The only other real nag with the driver installation was that once the HDMI Audio Out feature was activated, it automatically redirected your audio without some much as a “thank you, sir” ? so you have to go to your sound devices and reselect your output.
PowerColor was nice enough to bring not only ATI’s latest generation of hardware but the software too. This means you get, out of the box, a fully featured ATI Catalyst Control Panel with all the tricks. Since the 55nm RV670 comes clocked in at 670MHz, a little AMD OverDrive magic is used to automatically take the GPU a bit higher. 720MHz/929MHz were the new settings after the test ? and that was without any real fine-tuning or exotic cooling. Although +50MHz/+100MHz doesn’t sound like much, and with the CPU limitations weighing in the balance, it’ll just help with AA and AF rather than pushing a higher framerate in your games. The ZEROTherm fan+sinks does a great job of keeping the card cool, through and through. OverDrive auto-tunes but doesn’t register the upped frequencies where it should ? we had to pull out a couple of other apps in order to ascertain if it was so... and it was.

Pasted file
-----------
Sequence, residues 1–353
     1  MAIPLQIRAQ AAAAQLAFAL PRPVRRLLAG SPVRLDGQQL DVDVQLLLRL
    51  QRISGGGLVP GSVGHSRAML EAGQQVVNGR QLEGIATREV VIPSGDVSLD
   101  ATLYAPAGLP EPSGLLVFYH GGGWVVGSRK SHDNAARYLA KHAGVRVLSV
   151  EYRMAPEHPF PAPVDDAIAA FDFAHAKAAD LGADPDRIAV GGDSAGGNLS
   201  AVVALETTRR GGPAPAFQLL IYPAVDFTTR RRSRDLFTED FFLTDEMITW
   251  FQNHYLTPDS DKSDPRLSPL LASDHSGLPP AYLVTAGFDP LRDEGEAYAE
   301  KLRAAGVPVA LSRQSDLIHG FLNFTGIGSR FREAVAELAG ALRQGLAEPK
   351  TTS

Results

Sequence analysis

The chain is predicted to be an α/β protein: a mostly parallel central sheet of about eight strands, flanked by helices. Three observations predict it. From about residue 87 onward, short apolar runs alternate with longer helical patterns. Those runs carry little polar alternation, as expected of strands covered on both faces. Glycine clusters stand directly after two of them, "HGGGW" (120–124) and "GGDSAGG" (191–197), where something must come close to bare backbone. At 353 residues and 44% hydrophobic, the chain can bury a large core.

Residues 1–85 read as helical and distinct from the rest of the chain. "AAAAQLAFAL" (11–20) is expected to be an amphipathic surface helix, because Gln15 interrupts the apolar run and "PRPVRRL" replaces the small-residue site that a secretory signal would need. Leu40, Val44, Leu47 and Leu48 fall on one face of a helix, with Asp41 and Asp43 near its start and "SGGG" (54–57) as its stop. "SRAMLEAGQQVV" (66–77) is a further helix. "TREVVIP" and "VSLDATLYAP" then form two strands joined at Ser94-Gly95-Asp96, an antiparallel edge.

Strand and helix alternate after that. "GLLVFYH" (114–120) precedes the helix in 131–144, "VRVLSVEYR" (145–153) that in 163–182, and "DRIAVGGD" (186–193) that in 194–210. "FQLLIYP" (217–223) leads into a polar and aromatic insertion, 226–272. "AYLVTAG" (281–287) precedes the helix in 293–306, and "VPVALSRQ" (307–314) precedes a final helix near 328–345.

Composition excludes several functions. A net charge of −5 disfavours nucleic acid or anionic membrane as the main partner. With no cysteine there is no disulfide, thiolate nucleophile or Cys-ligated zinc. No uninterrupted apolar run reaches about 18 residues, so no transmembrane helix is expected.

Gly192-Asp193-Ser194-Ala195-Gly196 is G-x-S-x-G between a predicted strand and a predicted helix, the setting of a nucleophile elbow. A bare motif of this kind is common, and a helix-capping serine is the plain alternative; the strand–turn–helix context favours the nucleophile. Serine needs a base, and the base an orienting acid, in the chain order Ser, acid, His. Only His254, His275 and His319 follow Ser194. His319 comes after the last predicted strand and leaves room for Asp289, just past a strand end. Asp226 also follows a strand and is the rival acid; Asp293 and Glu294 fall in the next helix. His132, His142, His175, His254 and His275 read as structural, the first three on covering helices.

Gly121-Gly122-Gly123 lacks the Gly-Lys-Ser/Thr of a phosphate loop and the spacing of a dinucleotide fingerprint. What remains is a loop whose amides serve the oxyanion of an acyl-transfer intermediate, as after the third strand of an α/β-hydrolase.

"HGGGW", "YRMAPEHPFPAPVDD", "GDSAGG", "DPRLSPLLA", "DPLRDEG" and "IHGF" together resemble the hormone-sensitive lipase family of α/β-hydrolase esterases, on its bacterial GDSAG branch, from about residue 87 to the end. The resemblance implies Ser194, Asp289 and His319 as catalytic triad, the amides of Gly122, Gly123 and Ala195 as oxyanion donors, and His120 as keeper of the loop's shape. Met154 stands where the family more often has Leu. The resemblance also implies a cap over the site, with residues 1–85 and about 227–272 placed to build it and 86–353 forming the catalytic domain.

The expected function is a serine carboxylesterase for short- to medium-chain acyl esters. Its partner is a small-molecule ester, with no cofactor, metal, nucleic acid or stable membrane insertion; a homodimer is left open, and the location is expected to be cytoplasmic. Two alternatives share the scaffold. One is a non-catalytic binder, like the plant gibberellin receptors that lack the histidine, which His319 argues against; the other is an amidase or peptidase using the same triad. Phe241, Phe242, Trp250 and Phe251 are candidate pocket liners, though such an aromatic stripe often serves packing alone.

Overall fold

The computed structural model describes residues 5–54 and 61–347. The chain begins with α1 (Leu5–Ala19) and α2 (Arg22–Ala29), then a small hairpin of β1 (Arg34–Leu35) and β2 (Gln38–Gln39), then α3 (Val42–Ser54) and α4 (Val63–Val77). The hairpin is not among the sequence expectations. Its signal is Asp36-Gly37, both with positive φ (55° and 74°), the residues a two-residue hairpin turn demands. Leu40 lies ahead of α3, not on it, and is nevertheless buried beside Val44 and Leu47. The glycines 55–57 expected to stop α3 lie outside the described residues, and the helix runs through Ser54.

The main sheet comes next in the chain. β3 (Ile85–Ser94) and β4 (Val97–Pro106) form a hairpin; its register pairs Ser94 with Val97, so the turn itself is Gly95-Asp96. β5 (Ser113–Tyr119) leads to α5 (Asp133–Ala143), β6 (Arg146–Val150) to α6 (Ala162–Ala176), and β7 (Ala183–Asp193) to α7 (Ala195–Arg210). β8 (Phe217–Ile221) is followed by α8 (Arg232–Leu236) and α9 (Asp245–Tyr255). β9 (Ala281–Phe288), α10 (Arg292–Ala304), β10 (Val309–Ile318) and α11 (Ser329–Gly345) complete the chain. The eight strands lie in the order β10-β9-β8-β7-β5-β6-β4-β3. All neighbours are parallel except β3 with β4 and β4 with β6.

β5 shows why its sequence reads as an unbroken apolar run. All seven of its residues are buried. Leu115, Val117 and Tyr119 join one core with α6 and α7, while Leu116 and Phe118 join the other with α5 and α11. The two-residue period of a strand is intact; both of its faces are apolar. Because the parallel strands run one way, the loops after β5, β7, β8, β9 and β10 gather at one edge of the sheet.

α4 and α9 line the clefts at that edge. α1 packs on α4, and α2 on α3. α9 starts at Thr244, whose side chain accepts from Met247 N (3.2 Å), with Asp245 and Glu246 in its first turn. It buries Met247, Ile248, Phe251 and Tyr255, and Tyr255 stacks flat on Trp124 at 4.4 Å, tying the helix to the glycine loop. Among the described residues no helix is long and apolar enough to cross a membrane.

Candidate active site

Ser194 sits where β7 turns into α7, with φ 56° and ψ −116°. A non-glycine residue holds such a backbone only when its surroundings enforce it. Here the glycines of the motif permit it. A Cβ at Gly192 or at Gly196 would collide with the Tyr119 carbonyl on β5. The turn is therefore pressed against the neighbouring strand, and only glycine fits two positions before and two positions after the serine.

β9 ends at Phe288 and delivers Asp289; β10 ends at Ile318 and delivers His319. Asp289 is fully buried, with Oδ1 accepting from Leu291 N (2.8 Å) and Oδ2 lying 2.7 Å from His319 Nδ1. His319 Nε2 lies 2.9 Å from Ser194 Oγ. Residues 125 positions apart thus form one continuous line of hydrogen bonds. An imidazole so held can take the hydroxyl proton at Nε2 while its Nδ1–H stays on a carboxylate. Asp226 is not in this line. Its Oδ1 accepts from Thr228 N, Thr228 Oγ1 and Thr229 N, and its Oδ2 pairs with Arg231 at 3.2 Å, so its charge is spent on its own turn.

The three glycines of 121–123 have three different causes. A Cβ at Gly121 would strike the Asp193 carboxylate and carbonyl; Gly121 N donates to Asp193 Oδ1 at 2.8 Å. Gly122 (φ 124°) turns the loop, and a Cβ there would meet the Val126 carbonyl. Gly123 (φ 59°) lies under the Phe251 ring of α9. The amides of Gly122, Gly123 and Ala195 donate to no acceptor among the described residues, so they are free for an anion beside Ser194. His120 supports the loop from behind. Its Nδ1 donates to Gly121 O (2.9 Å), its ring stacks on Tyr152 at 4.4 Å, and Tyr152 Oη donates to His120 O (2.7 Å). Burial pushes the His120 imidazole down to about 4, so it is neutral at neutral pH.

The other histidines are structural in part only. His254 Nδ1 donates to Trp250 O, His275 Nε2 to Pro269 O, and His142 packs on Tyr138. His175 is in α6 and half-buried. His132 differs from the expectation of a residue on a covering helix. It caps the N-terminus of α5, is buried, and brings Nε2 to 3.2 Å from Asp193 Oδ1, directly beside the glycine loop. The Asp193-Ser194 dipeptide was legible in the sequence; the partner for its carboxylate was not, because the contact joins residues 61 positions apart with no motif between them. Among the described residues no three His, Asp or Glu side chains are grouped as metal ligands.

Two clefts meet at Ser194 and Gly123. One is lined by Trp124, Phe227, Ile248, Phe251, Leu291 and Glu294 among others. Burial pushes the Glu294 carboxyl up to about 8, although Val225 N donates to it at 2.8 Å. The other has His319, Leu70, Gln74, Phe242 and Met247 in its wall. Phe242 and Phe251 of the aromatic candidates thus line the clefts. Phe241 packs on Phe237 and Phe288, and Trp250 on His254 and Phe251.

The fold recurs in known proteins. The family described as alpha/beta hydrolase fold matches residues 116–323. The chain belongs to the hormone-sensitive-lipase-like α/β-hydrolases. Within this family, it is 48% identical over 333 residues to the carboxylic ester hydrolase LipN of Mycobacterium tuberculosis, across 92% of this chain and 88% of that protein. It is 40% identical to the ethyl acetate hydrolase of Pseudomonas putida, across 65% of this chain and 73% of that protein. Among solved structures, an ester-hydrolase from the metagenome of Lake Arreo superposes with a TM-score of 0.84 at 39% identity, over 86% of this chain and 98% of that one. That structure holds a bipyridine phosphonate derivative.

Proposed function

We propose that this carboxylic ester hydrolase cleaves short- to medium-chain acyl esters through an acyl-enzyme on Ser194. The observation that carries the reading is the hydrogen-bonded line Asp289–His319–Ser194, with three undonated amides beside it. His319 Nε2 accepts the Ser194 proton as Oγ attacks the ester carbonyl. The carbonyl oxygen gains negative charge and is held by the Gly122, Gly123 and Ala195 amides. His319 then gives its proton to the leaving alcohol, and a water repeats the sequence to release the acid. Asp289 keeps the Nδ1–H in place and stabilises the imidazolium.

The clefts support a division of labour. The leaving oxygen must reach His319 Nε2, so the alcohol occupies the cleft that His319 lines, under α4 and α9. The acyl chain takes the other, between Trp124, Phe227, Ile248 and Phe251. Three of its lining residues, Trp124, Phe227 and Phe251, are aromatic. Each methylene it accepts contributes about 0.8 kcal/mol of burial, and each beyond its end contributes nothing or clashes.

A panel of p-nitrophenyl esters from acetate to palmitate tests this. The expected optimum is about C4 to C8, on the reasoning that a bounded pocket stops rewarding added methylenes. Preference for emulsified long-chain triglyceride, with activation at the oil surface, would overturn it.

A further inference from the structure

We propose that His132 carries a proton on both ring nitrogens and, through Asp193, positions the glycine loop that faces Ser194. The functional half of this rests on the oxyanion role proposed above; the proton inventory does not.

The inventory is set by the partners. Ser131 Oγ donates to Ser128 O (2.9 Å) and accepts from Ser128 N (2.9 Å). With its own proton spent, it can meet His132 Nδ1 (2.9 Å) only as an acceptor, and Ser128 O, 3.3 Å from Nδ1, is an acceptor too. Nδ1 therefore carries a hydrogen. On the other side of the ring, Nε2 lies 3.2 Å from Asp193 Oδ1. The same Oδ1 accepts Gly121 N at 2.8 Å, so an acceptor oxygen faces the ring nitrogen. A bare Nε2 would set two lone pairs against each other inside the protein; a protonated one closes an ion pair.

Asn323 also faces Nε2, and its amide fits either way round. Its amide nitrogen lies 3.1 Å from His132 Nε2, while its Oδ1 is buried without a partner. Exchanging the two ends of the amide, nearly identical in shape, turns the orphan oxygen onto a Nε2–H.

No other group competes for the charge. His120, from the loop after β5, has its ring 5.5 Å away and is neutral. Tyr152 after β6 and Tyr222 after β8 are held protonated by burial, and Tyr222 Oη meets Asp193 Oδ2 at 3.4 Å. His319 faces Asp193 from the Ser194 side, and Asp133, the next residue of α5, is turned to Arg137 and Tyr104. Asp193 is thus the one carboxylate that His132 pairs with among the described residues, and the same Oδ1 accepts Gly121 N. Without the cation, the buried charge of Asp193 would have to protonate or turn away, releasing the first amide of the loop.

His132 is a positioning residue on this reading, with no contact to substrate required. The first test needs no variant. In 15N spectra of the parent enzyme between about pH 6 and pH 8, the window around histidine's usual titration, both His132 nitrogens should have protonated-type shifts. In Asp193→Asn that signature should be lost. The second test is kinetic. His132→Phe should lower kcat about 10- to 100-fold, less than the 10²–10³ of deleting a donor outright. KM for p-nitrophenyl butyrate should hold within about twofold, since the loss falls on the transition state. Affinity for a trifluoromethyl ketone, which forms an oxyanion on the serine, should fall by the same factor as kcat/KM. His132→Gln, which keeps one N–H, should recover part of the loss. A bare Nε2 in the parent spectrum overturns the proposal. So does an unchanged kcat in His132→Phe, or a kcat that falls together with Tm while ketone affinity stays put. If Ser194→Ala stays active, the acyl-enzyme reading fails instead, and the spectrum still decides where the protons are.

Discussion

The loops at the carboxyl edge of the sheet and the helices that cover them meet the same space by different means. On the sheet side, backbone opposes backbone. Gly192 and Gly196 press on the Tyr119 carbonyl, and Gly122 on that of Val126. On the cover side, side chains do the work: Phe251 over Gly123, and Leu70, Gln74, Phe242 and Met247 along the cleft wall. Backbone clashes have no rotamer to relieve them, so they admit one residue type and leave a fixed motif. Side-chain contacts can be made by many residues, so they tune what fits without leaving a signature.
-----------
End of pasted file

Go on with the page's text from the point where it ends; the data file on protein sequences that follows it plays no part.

Gaming performance on an aging Pentium 4 platform is nowhere close to current gaming systems: you’ve got that fabulous Netburst Microarchitecture that despite its high clock, fell behind Athlon when it came to FPU performance. Let’s not even get into comparisons with Core or Athlon 64 levels.
Our rig scored a healthy (albeit CPU-castrated) score in 3DMark ’06 as you can see below.
Come GR:AW2, we met with a pretty good performance. GR:AW2 delivers some punishment to our card ? as we could hear it rev up the fan to the max while playing, although temps never reached anything over 58 celsius.
World in Conflict is a serious piece of graphics candy in the RTS genre. We ran its internal benchmark in medium settings, at 3 different resolutions. Very playable too...